Total recording time is over 13 continuous hours with the included 4GB microSD card, but a second mode can record only while you’re playing. The uncompressed, WAV-format files feature 44.1kHz, 16-bit resolution; thanks to the studio-quality A/D converters, if you record a “keeper” you can bring the file into any recording software, then build the song from there.

Although the Memory Cable™ doesn’t play back by itself, transferring files to a computer is easy. Most card readers can read a microSD card, and the Memory Cable™ includes a microSD-to-SD adapter (most computers have SD card slots). Many smartphones can also read a microSD card, as well as transfer the card data over USB.

Battery life is 8 hours from a rechargeable or standard AA battery, but there’s also a small battery that, while not necessary for operation, lasts for a year and powers an internal clock to time-stamp your files.

What’s best about the Memory Cable™ is that you’ll always have it at your fingertips—you need to use a cable anyway. You don’t have to grab a box, find another patch cable, hook it up, and navigate an operating system—plug in, turn on, done. The Memory Cable™ also works with keyboards, bass, electronic drums—even a mixer bus output to record a rehearsal session. And it’s ideal for re-amping, which we’ll cover in a future article.

Most importantly, the first time you don’t lose some great inspiration you’ll truly appreciate the Memory Cable™’s “inspiration insurance.” I certainly do: my next YouTube video is built around a riff that the Memory Cable™ remembered when I was testing it!

Memory Cable™: Capture Your Ideas And Improve Your Playing Peter Hodgson

Perception is a funny thing. If you’ve ever listened to your voice on a recording, or caught your reflection in a mirror and didn’t recognize yourself for a second, you know what I’m talking about.

Sometimes we have a way of perceiving things the way we want them to be, rather than the way they are. There are times when this can be a good thing: I know that if I feel like I’m looking sharp I’m probably going to leave the house feeling more confident than if I’m wearing my ‘everything else is in the wash’ outfit, even if I forget that my version of ‘Sunday best’ is ripped jeans and a Van Halen shirt (but it’s a really nice Van Halen shirt, right?).

But there are times when it can be a bad thing. Like if you’re around someone who’s had a few too many drinks and they’ve lost the ability to regulate their volume so they’re shouting at the top of their lungs when they think they’re speaking at a normal level.

Guitar playing is a lot like that. If you feel like you’re having a ‘Good Tone Day’ you’ll play more boldly and more confidently, like nothing you could play could possibly be wrong. But sometimes what we’re hearing in our head isn’t what we’re putting out there. Sometimes we may think we’re speaking in an authoritative Darth Vader voice when we really sound like Moe the bartender. And sometimes we may think we’re playing with all the rhythmic precision of a James Heftield when really we’re flailing about with the abandon of an [insert least-favorite guitar player here].

That’s why it’s so important to record your playing and listen back to it with a critical ear. This helps you to spotlight and refine all sorts of issues with your playing. And that’s what makes Gibson’s new Memory Cable™ so useful: in addition to being a premium cable, it’s an ideal tool for songwriters as well as those just wanting to refine their technique.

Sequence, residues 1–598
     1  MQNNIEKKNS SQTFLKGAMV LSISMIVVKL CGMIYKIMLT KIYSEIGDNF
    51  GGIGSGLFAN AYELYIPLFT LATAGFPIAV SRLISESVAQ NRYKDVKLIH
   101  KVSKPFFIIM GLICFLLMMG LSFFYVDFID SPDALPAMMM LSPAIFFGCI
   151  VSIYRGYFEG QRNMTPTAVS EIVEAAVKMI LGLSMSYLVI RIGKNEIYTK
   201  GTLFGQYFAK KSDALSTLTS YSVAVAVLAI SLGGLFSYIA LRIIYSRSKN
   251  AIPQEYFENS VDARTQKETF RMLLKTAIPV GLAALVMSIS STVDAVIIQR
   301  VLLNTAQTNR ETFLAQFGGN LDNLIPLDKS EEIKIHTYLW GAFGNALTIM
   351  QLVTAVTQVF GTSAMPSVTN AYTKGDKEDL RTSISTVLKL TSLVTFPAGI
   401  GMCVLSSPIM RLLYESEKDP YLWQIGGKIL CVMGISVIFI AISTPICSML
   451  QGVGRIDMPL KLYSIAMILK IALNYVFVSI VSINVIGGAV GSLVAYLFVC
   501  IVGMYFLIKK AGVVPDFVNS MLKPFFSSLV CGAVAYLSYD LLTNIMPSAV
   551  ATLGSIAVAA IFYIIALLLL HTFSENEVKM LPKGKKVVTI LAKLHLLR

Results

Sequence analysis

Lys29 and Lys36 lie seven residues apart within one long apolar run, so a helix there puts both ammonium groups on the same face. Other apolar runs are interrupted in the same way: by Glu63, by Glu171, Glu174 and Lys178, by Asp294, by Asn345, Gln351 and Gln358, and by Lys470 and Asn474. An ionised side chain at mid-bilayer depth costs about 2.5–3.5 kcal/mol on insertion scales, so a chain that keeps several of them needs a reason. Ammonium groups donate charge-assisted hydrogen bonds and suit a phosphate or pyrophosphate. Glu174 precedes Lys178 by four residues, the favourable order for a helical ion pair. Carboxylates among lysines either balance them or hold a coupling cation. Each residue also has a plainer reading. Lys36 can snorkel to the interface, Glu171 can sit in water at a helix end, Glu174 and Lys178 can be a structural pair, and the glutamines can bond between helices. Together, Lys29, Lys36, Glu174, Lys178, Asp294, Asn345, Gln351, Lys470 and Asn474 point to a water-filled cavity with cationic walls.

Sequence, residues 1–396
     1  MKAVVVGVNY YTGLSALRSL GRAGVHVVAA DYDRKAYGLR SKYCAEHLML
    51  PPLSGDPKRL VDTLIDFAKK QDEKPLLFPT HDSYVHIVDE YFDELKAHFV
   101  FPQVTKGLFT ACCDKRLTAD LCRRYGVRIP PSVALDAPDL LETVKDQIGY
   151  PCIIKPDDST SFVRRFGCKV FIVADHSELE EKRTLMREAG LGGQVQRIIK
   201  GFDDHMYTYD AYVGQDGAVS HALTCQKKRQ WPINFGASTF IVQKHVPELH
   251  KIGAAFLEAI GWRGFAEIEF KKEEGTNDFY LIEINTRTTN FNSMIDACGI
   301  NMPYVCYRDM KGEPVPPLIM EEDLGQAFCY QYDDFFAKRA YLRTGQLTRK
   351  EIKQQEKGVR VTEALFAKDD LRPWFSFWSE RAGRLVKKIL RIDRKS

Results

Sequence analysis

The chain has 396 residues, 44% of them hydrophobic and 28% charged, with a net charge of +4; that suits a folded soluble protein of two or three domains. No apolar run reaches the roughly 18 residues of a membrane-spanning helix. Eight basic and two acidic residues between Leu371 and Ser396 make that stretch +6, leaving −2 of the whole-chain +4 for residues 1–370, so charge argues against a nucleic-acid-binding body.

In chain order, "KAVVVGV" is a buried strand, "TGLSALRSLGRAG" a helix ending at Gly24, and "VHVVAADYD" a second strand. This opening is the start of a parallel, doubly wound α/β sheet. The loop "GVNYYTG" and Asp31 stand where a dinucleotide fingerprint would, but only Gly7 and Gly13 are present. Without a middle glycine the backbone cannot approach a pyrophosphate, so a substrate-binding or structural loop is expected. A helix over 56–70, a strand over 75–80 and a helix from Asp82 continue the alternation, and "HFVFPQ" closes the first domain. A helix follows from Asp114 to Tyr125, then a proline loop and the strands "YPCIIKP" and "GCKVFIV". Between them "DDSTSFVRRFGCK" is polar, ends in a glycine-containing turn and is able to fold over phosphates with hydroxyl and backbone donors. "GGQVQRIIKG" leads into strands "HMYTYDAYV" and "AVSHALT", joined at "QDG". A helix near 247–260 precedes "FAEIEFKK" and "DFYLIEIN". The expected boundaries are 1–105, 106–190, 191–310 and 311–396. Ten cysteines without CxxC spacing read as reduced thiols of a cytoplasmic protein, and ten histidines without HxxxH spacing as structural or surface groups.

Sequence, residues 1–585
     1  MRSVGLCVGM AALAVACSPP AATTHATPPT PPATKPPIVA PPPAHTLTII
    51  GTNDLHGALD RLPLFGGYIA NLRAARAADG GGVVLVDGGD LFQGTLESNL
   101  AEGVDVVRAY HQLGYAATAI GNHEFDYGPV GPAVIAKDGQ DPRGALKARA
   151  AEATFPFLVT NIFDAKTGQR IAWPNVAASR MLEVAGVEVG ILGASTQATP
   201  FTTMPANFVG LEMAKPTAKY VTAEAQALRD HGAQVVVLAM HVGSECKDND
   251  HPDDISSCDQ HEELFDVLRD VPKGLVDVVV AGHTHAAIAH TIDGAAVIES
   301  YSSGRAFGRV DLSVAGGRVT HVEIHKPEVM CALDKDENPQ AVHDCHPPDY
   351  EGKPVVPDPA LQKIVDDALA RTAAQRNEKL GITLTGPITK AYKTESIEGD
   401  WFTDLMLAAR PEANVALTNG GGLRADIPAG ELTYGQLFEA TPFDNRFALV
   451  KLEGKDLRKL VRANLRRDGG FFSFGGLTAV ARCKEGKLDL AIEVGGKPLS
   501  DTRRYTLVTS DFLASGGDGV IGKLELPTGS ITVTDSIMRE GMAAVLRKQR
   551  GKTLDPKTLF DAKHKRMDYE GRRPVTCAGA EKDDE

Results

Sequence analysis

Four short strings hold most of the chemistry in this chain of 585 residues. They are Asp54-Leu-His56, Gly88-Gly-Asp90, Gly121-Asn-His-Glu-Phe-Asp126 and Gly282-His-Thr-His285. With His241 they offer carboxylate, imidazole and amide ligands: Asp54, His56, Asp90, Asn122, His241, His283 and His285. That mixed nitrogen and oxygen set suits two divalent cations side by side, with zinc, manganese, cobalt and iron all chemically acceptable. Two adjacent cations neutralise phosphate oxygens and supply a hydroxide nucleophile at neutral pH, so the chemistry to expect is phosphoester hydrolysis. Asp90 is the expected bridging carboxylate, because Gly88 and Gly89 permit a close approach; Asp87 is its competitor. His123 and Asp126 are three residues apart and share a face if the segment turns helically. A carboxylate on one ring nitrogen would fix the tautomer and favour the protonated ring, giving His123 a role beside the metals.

So with that in mind, here are some ways that the Memory Cable™ can improve not only your guitar playing but your entire musical expression.

When you’re in the zone it can be difficult to discern whether you’re playing at a steady tempo or not. We all have the tendency to speed up when we’re excited. Sometimes this can even add a sense of excitement and energy to a piece - if the whole band is doing it at the same time. But unrequested tempo adjustments can kill the vibe of any gig. When you remove yourself from the passion of performance and listen back to what you’ve just played, you can pinpoint any little issues with the way you’re handling the tempo and the even-ness of your attack.

Here’s another one of those things that can escape you if you’re rocking out too hard: the tendency to either accidentally nudge a note out of tune by applying too much finger pressure during normal fretting, or to push it out of tune when attempting to bend a string. Again, sometimes an over-bent string can be a cool thing - there’s a particularly great one in Jimmy Page’s “Whole Lotta Love” solo - but in most cases a little reckless abandon is best employed as a deviation from the main program in the form of a cool little moment here or there, rather than playing an entire set of imprecise, over-reached notes. When you listen back to your playing it’s a lot easier to identify problem areas, particularly if you’re bending just one string of a particular chord slightly out of tune. Once you’ve identified the issue you can work on it until the ‘right’ way becomes habit.

Tone doesn’t necessarily mean just the settings on our amp. It can also refer to what your fingers are squeezing out of your guitar. Ever notice how some players are able to coax almost wah-wah-like sounds out of their guitars even when they’re not using a pedal? Steve Vai is a great example. There’s a certain technique you can use where you sort of push the string into the fret a little harder than usual to achieve a sharper tone. Fret very softly and you’ll get a softer, warmer tone. When you record your playing you’ll be able to more clearly zero in on these moments so you can develop more control over them.

Perhaps the greatest reason to record your playing is so you can capture those magical little moments that would otherwise be lost forever, be they melodies, licks, songwriting ideas or one-off impossible-to-replicate spontaneous flukes. And with the Memory Cable™’s Reamping ability you can come up with an idea while jamming, then transfer the file into your recording program to re-amp physically or digitally.